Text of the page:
There’s an interesting blog post written by Anne Ursu, a very brilliant children’s writer, about John Grisham, his role as a children’s writer, and his recent words on the issue of child pornography. Anne argues that if you profit off of kids, you have a moral obligation to serve and honor and protect them. I tend to agree with her, so I guess that is another “responsibility” that writers share.
WGB: Do parents have a responsibility to screen or pre-read books their children want to read?
TP: Certainly a lot of drama about book banning and censorship could be avoided if more parents took an active interest in the books their kids read. As a bookseller, I see a lot of really great parents involved in what their kids are reading, and I see some that are pretty clueless. While I certainly won’t take it upon myself to tell anyone how to raise their children, I do wish more parents would take the time to read what their kids are reading, for multiple reasons. The most obvious being, if you are uncomfortable with what your kids might be reading, read it before or with them so you know what’s actually on the page.
But reading what your kids are into also provides an opportunity to talk about stories and ideas. Kids who see their parents reading are, I think, more likely to become avid readers. Books are another way to connect with people in very interesting ways.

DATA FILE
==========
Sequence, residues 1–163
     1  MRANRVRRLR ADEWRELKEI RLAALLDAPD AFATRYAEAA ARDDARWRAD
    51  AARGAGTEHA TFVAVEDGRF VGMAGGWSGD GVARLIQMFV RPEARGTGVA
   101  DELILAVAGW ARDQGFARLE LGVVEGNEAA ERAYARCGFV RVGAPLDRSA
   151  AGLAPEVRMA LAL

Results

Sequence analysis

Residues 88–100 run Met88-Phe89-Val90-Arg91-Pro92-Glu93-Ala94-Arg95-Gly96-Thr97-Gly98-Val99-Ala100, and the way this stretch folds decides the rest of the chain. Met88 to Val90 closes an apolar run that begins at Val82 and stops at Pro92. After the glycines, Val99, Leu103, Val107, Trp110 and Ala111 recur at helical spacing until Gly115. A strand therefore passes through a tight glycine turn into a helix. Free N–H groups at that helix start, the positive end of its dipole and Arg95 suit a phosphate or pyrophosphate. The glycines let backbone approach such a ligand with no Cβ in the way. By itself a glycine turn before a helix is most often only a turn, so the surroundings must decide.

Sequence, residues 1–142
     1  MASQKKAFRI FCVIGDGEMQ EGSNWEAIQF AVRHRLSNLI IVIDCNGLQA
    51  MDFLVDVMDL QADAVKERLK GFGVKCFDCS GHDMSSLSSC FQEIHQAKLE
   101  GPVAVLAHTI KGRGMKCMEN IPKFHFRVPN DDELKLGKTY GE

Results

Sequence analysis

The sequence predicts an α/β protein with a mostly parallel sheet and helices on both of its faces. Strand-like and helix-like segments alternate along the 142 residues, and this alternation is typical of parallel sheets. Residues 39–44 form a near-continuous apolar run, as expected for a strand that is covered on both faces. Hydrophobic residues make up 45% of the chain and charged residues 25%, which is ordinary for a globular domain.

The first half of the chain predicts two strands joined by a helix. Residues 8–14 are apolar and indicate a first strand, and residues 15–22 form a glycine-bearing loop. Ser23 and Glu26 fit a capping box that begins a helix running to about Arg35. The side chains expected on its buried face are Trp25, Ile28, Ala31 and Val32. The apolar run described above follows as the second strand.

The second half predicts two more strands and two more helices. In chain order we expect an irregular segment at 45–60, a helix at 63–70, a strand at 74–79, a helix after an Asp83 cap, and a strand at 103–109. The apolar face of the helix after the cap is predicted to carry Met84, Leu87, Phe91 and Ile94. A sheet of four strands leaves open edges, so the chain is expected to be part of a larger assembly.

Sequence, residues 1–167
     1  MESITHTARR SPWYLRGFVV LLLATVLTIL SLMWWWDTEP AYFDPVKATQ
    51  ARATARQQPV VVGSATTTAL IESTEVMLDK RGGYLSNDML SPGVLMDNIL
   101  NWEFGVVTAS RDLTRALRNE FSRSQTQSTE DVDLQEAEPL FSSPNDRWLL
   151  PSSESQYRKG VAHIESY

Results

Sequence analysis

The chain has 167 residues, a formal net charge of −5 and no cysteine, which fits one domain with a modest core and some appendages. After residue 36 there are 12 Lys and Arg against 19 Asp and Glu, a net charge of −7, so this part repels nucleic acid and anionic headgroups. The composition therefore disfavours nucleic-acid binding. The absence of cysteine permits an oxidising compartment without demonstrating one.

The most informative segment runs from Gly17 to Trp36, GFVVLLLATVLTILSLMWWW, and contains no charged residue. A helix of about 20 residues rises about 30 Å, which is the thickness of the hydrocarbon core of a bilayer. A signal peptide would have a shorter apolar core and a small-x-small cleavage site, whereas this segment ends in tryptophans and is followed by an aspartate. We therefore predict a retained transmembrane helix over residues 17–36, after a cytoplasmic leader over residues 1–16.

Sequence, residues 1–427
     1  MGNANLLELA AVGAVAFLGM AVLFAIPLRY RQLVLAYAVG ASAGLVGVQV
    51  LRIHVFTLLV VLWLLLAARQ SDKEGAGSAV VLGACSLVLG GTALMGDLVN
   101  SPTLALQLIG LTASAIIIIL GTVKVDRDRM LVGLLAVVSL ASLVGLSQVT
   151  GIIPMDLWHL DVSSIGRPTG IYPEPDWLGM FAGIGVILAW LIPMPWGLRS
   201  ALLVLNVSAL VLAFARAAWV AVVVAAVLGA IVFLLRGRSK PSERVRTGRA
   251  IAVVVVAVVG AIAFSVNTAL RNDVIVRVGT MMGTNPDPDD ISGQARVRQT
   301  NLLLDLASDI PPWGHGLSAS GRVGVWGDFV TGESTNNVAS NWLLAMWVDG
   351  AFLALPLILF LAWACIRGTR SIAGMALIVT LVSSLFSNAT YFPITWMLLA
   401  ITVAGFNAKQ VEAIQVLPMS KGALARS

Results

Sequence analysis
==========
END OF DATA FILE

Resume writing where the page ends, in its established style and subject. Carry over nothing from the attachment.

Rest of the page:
Some random anecdotal evidence: My mom wasn’t sure about the whole Harry Potter phenomenon when I was a kid. She read the first two books before me (much to my annoyance). We talked about them as I read them. She started reading the YA books I loved in high school — not because she didn’t trust me, or she was worried about the books, but because she wanted to know what I was reading. She began to read those books because she genuinely enjoyed them, and talking about books is a way that my mom and I connect.
Whitney Gronski-Buffa is the Herald Review’s parenting columnist. After four years reporting and editing at the paper, she’s stepped back to spend more time with her family. Read more here each week and reach her at firstname.lastname@example.org.